Culture & Conversation

Like a wired bird

The-Goodnight-Bird-

A suicidal intruder falls into an upscale Condo and engages with the late-middle -aged-retired or soon-to-be-retired couple living there. What keeps Colleen Murphy’s The Goodnight Bird from slipping into sitcom format is the really terrific comic moments and the stellar acting under Roy Surette’s direction.

Christopher Hunt is convincing as the almost retired husband who is recovering from a recent heart attack. He is a perfect foil for the breakneck speed and huge reversals engaged in by his wife. The two actors play off each other, making their long relationship believable and very familiar to all who have shared bathrooms and beds.

Nicola Cavendish gives a performance which is hilarious and poignant. Her yearning to find adventure and love is so universal it sparks up the play. She is perfectly balanced as Lilly, and when her enormous changes come, she plays them with so much conviction and integrity that one is able to fully accept them. One can believe that this retired school teacher once talked a pistol-packing student into using his bullets on a clock and giving up his weapon to her. Cavendish is utterly delightful as she screams with fear at the home invasion one moment and pats her hair down in anticipation of seeing the intruder post-bath.

Graham Cuthbertson, well known to Montreal audiences, delivers a virtuoso performance as the homeless and very mad intruder. He is fearless and utterly within the skin of the poor suicidal person who lands in this bourgeois bastion by mistake. His turns are absolutely breathtaking and there is a moment when he takes Lilys hand and places it on his chest that is pure, heart-breaking drama. Cuthbertsons Emerson-spouting schizophrenic is believable and magically consistent.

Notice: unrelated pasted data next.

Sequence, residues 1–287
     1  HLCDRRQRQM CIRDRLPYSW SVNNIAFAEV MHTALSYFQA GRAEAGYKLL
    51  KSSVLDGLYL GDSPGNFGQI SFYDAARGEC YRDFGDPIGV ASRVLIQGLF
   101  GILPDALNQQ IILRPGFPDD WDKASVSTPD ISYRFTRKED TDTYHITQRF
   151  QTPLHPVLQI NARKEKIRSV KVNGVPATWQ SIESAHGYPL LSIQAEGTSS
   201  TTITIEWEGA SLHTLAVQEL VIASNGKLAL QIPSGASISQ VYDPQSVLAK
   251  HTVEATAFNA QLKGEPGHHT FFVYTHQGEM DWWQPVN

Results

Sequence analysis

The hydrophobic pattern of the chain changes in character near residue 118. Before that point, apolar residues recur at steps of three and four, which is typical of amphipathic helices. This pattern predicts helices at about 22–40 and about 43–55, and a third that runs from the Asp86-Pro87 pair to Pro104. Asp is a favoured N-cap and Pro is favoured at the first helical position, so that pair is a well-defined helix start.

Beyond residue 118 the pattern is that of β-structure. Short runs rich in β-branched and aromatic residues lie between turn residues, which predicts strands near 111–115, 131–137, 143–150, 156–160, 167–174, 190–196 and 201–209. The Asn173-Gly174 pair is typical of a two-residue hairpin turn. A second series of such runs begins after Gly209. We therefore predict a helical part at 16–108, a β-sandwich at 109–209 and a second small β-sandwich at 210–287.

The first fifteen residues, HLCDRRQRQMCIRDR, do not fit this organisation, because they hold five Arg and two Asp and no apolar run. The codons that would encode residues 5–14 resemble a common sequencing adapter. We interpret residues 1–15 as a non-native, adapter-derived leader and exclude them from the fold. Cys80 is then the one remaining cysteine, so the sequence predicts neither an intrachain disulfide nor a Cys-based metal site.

There is a longish blackout about half-way through the play, and perhaps it should have been used as a natural break for an intermission. The second part is so dense with language that a break would have given a tiny respite to the audience. And by the end of it, one finds oneself wishing that Cuthbertson had been given a re-appearance, just to give things an extra jolt. Nevertheless, the final stretch is held up by the remarkable Cavendish and the intrepid Hunt, playing out this superbly performed production with a gentle, Albee-like dénouement of sorrows and regrets.

At Centaur Theatre to March 22

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Anna Fuerstenberg is a writer, director, performer and teacher.


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